I have almost 10k words done for the anthology piece due to Dark Red Press on the 20th of January. I’m pretty sure it’s only half done. 15,000 words was my minimum, but I know I’ll go over that and hit closer to 20k. It’s a post-apocalyptic tale, just as the other 3 will be from the other DRP authors, for a book entitled 4POCALYPSE. An interesting premise, each of us taking a spin on that speculative fiction sub-genre. Like an idiot, I decided to set mine in the ruins of 2270 and fill it with advanced tech and my twist on zombies. (I didn’t foresee the amount of research that would have to go into this one.)As with all of my longer works, it took me a while to find the “voice.” Mostly, this was because I hadn’t found the soundtrack yet. Each of my novels or e-novellas have had their own selection of music. THE STITCHING was done entirely to Murder By Death, while IN BLEED COUNTRY had a lot of Puscifer and Tool. A COMPLICATED DIVINE was set to Alkaline Trio and other modern punk bands, while my out-of-print novel BETWEEN US AND OBLIVION was penned exclusively to the post-rock band 65DaysOfStatic. It took me a while, but this current novella is getting hammered out to a mix of DeadMau5, Skrillex and The Glitch Mob. The music created by those groups fit the vibe of the tale. I know some authors who must write in near silence – that would drive me insane. At the same time, once I’ve found my tale’s soundtrack, I won’t listen to it during the writing process except when I’m actually writing the story. It forces me to keep going and doesn’t dilute the feeling. When I’m writing random articles, blogs (or just pissing about on Facebook), I find any instrumental post-rock works well for me. While emotive and creative, it almost acts as a default sound to be, those guitars from This Will Destroy You and Explosion in The Sky and the vocals from Sigur Ros. After this novella is done, the sequel to IN BLEED COUNTRY is supposed to be next on my plate. Perhaps I’ll find the soundtrack in one of Maynard Keenan’s acts again, but I wouldn’t necessarily say it was set in stone. Certain aspects of a story writes itself, and a tale demands its own tune.
Yep, Hemmingway can go fuck himself. Same with all the other proponents of “Literary Fiction.” I’m quite proud to write “Low-Brow Escapist Fiction.” ‘Cause, ya know… people sometimes actually wanna read stuff that’s fun and interesting.
Please see the full article here… http://www.nytimes.com/1985/12/15/books/in-defense-of-purple-prose.html?pagewanted=all
Excerpts from “In Defense Of Purple Prose,” by Paul West
“Certain producers of plain prose have conned the reading public into believing that only in prose plain, humdrum or flat can you articulate the mind of inarticulate ordinary Joe. Even to begin to do that you need to be more articulate than Joe, or you might as well tape-record him and leave it at that. This minimalist vogue depends on the premise that only an almost invisible style can be sincere, honest, moving, sensitive and so forth, whereas prose that draws attention to itself by being revved up, ample, intense, incandescent or flamboyant turns its back on something almost holy – the human bond with ordinariness. I doubt if much unmitigated ordinariness can exist.”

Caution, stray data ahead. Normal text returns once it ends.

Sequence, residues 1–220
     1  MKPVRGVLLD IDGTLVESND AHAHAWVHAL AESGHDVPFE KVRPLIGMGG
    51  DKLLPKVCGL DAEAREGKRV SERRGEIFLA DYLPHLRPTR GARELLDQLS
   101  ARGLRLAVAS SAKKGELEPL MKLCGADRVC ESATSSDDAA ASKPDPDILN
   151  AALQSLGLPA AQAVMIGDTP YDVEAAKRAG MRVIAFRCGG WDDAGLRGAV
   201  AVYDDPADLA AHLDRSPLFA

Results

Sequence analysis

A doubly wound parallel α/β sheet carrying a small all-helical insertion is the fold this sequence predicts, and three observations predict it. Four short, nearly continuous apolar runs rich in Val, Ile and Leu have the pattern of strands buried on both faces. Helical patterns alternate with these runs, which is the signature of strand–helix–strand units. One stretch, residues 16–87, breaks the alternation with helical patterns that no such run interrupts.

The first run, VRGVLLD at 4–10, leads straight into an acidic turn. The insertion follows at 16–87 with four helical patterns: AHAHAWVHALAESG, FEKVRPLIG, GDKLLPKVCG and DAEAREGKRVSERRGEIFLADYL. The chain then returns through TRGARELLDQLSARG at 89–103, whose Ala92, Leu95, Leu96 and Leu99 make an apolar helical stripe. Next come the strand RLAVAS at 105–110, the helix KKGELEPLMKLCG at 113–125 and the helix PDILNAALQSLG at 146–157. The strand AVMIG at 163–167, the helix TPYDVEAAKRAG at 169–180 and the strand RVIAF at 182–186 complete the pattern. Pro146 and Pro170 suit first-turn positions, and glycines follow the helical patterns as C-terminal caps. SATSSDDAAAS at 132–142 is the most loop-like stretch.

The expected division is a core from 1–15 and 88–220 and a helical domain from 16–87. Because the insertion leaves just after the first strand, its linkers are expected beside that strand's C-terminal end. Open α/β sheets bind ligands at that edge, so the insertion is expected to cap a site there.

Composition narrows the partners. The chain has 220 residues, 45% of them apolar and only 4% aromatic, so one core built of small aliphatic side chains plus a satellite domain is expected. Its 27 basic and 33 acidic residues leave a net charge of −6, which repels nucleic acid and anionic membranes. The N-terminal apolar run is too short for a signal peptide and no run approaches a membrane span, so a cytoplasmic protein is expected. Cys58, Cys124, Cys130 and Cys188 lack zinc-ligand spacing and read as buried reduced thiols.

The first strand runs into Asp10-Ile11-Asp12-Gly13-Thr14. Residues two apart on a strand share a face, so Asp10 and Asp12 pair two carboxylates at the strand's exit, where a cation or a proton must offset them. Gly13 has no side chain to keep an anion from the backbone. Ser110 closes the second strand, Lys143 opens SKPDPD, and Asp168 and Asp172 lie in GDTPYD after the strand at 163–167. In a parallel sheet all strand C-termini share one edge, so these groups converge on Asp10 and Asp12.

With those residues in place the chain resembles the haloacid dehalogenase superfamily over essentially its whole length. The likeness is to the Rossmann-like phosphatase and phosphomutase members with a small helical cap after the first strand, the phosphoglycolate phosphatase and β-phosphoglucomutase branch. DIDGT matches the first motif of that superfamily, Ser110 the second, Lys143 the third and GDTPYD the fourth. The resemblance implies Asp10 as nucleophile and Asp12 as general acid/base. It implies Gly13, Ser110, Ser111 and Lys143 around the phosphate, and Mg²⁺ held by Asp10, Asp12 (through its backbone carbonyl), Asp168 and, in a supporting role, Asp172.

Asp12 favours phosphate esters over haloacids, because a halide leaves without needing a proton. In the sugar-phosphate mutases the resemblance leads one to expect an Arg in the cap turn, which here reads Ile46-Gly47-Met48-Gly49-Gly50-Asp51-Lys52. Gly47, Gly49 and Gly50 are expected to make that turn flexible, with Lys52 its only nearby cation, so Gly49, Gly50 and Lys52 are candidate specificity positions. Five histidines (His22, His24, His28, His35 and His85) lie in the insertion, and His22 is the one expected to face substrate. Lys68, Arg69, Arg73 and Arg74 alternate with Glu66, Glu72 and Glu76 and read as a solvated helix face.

“So long as originality and lexical precision prevail, the sentient writer has a right to immerse himself or herself in phenomena and come up with as personal a version as can be. A writer who can’t do purple is missing a trick. A writer who does purple all the time ought to have more tricks.”
“There is language that plunges in, not too proud to steal a noise from Mother Nature, and there is language that prides itself on the distance it keeps from nature. Then there is purple, which, from quite a distance, plunges back into phenomena all over again, only to emerge with a bigger verbal ostentation.”
“And it is not a matter of inventing something out of nothing, for that cannot be done; everything is derivative, so there is no getting away from what might be thought the bases of life, of art. The farfetched always takes you home again, never mind how strained its combinations, how almost unthinkable its novelties. The color we have never seen, the smell we have never smelled, the mind we have never known, can only be made from the colors, the smells, the minds, we already know.”